Tuesday, April 09, 2013

Remembering the Flawed, the Mistaken, and the Destructive

Margaret Thatcher is dead.  Some people are quite loyal to her and to her memory.  Being a follower of Margaret Thatcher was an important decision in their lives, and they remain loyal to her and to that earlier version of themselves that supported her.

On the other hand, a lot of people recognize that Thatcher-Reagan Thermidor against the possibilities of liberalism as a tragic mistake, one that had profoundly negative effects on millions of people's lives.

A little kerfuffle has broken out about how to remember someone like Margaret Thatcher.  The little subservient loyal subject in all of us wants to offer tribute to the great and powerful who made the world that we live in.  Others keep pointing out the obvious and unmistakable historical truths of her life and work.

There isn't a parish minister who doesn't know this situation.  Each has been called to create a memorial service for someone flawed, mistaken and even destructive, someone both loved and hated in the community. The great civic leader who beat the children and flew into drunken rages at the spouse.  Those with secret lives of betrayal.

I've been there, so I have some words for the present moment regarding Mrs. Thatcher, the Baroness of the Bourgeoisie.

First of all, the fact that she died changes nothing about her historical legacy.  If she is praised now by those who remember her, it will not change what she did, nor change her legacy for longer than a week or two.  This period of time is the least useful time to conduct an autopsy on her policies and politics.  If you are so inclined, you may wish to represent those who didn't like her this week, but do not expect a substantive response.

I assume that people who reach high political office are driven in some way.  There is a personal element to that much determination and will.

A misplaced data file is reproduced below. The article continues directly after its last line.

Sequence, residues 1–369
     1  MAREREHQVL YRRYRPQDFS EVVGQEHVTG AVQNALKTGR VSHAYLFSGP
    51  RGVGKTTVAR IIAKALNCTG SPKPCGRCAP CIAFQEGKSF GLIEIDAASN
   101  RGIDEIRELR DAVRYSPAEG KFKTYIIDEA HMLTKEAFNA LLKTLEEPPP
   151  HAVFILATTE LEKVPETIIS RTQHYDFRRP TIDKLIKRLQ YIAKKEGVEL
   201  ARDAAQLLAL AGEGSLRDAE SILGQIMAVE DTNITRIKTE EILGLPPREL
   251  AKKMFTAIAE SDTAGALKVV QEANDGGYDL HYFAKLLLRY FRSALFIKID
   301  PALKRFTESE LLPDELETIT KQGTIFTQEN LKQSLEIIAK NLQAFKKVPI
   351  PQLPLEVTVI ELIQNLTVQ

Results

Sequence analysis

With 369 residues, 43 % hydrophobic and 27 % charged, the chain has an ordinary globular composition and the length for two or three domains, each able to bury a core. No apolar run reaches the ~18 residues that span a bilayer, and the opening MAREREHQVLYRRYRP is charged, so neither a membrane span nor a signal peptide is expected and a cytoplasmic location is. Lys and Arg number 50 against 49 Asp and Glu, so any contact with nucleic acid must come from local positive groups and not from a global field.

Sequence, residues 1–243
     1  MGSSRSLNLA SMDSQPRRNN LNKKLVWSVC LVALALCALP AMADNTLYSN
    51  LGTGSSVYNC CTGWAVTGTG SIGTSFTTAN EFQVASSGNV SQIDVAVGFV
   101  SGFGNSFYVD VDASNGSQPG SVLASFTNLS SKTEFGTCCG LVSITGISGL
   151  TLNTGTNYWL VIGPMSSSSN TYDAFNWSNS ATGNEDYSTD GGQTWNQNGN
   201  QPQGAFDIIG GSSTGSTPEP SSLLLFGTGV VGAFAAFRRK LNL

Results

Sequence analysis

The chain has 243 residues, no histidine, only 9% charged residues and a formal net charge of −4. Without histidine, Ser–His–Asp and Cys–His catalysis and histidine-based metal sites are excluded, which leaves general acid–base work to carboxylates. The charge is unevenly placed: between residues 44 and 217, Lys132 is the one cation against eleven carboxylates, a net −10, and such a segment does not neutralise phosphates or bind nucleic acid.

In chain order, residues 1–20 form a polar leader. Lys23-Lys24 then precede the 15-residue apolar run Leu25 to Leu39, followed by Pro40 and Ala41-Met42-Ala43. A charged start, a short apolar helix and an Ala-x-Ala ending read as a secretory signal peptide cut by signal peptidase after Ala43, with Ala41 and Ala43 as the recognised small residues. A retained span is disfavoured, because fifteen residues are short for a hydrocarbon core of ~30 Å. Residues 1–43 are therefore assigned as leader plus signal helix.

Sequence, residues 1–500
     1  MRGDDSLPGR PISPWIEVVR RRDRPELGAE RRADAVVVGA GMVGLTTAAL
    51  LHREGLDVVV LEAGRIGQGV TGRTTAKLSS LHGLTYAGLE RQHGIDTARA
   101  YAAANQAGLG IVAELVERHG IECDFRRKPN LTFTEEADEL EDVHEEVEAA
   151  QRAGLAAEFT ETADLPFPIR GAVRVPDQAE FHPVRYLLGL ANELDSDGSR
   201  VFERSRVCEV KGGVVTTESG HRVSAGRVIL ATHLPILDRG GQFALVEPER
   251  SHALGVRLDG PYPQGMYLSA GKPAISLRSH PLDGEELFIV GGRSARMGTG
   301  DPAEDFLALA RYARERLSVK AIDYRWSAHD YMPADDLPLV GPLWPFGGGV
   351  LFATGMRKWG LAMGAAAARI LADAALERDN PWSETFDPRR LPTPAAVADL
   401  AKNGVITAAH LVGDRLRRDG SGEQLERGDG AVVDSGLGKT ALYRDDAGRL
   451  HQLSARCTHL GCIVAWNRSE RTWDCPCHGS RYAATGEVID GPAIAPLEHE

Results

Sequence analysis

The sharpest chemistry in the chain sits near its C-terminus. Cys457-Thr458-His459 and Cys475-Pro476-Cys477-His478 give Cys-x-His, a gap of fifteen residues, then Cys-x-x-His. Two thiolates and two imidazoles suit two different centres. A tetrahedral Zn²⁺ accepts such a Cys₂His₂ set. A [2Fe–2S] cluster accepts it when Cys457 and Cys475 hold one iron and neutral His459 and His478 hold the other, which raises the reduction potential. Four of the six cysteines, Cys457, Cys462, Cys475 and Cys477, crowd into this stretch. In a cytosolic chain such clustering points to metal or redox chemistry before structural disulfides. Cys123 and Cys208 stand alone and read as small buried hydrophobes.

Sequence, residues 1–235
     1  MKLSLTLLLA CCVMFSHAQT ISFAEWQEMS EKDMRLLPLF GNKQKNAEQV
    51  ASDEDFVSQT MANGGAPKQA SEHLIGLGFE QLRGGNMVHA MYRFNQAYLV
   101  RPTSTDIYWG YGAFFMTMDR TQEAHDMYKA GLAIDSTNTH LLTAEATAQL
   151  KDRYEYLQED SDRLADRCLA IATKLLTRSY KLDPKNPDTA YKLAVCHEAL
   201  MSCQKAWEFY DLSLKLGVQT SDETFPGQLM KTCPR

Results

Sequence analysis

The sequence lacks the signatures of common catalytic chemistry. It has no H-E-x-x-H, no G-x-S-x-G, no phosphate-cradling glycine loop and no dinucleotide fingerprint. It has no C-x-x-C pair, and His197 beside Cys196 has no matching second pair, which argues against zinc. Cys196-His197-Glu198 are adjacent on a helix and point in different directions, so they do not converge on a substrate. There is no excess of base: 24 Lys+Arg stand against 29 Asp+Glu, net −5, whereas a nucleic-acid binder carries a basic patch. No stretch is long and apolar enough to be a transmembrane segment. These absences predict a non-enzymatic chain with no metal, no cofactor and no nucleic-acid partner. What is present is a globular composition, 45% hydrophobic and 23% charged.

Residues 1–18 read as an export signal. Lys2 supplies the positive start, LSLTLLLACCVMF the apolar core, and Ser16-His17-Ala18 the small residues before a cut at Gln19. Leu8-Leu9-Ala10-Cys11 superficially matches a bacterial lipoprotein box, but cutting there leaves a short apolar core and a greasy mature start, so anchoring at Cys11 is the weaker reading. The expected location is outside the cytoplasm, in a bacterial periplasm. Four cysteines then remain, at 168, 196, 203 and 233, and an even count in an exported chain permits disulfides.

The most interesting question about Margaret Thatcher is "what is the motivating struggle in her life?"  What drove her?  What was she trying to prove with her life, and to whom?  In a way, a person is an attitude, an energy, that seeks a way to express itself in the world that it finds.

I don't know her biography, but one obvious area to inquire into is being a woman in what had been a man's profession when a woman has to disprove any suspicion that she might be soft.  She was also the daughter of shopkeepers, an ambiguous class position.

A person's life is never reducible to crude interpretations based on just class, or sex, or race.  These are generalities, and every life is lived in the particular.  And when called upon to remember someone in ritual, finding out and remembering that person's particular life struggle is the key.

There is a gospel story, good news, in almost every human life story, some way in which this particular life shows God's grace, or to put in more secularly, a redemptive healing power at work in the world.   To say that takes nothing away from the historical judgments that will be made about her work.  I cannot begin to guess the gospel that was revealed by Margaret Thatcher's life, but there is one, I am sure.

This week, that might be what we focus on.



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